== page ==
Bodybuilder Hunter Labrada rose to prominence in the IFBB Pro League with a shocking combination of muscular detail and mass. In a recent video on YouTube, Labrada talked about the benefits of incorporating standardized forms to effectively measure progress over time.
Hunter, son of bodybuilding icon Lee Labrada, made headlines as a Men’s Open competitor after scoring gold at the 2020 Tampa Pro. The victory earned him an entry into the 2020 Mr. Olympia contest where he placed eighth. His next appearance saw him dispatch the competition and win the 2021 Chicago Pro. He finished the season with an impressive fourth-place finish at the 2021 Mr. Olympia.
Labrada pushed into the latest 2022 Mr. Olympia looking to solidify his place in title contention. However, he was unable to deliver a strong performance. He wasn’t named in the first call-out and dropped down to the seventh. A month after the result, Labrada expressed his disappointment about missing the mark last December. He laid out his plan to compete in two shows with the intention of securing an Olympia qualification.
The 30-year-old detailed the changes he made to his diet and training routine last month. He showed off his huge build in an insane physique update where he weighed 280 pounds fasted. Labrada highlighted the need to maximize his peak this year. He believes preparing for two shows will help him in the long run with presenting his best on stage.
Last month, Labrada inspired his followers to incorporate A/B split variations in their workouts. He recommended the technique for pushing past plateaus in overall progress. He gave fans a look into his full day of eating and supplement intake during the off-season earlier this month.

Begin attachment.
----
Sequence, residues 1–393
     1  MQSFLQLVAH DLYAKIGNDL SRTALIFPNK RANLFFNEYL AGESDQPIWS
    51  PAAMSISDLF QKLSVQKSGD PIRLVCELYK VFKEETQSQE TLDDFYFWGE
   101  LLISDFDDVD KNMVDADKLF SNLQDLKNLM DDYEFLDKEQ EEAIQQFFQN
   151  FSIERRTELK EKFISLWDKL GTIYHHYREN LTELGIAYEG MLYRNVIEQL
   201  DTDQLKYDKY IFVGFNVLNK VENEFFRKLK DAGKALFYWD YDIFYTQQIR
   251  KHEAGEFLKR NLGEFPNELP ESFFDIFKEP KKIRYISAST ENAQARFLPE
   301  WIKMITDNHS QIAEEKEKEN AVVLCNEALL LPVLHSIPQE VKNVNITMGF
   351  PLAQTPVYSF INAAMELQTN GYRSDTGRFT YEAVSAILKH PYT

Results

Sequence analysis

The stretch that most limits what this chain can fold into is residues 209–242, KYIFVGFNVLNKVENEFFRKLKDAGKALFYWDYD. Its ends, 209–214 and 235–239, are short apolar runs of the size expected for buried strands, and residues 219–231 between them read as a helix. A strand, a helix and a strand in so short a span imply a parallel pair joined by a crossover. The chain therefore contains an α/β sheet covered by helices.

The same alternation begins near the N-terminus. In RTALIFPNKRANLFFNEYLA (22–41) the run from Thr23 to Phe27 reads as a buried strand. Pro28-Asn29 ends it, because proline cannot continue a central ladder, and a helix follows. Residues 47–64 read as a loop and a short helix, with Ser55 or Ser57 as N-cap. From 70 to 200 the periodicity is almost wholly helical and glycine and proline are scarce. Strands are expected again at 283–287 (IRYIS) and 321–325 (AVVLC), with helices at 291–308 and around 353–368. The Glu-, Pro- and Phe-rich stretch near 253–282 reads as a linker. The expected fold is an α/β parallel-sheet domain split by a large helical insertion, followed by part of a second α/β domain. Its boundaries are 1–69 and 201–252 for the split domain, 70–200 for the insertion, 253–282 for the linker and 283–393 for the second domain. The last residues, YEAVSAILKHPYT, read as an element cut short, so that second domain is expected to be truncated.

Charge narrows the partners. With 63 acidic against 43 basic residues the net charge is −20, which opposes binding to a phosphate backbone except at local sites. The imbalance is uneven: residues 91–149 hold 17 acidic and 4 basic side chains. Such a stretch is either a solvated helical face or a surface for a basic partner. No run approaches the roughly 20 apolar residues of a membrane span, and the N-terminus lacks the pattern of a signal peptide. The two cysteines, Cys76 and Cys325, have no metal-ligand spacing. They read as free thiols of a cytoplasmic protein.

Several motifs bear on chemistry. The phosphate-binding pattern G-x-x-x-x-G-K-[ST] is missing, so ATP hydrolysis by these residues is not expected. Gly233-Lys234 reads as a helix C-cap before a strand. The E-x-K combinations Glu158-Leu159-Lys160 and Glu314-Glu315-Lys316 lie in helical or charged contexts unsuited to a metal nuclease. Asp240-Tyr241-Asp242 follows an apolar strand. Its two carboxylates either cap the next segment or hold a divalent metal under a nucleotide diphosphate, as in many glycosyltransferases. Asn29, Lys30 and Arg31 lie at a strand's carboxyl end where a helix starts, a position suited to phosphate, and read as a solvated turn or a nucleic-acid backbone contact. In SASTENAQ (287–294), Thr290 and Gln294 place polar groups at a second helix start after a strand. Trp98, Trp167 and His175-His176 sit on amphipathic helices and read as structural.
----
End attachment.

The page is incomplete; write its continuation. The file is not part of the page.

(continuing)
Labrada educates his fanbase on different topics related to bodybuilding with spare time. About three weeks ago, Labrada gave his take on whether it’s better to weigh your food raw or cooked. He stressed the importance of staying consistent regardless.
Hunter Labrada explains the benefits of standardizing form
In a recent YouTube video, Hunter Labrada shared his thoughts on standardizing form to track progress more effectively.
“What do I mean by standardizing form? I don’t just mean having the bench set on the same pole every single time or doing it off of a peg on the prime machine,” said Labrada. “What I mean by standardizing form is you’re paying attention to absolutely everything. You’re paying attention to your body positioning, how your core is braced, your points of contact on whatever exercise you’re doing. By standardizing your form, you’re truly able to record your progress.”
“It’s very hard to measure your quantifiable progress if you don’t have your form standardized.”
In addition to staying consistent with form, Labrada urges others to keep a detailed history of progress in the gym.
“The main thing is the tempo in which you’re lifting. So once you have your actual form standardized for an exercise, you need to pay attention to standardizing the tempo in which you’re performing the reps.”
“By standardizing not only our form but our tempo, I get back to where we’re truly able to quantifiably measure our progress. For those of you that track of your work, this is exceedingly important. For those who don’t track, it’s going to make your training a whole lot better. You’re going to have better form on everything, better reps on everything, and subsequently, your progress is going to be a lot faster.”
Hunter Labrada shared two important lessons about meal timing and frequency to maximize gains two weeks ago. He believes daily nutrition is paramount and suggested spacing meals out between two and four hours. He later followed up with additional tips on building weak legs with intensity techniques.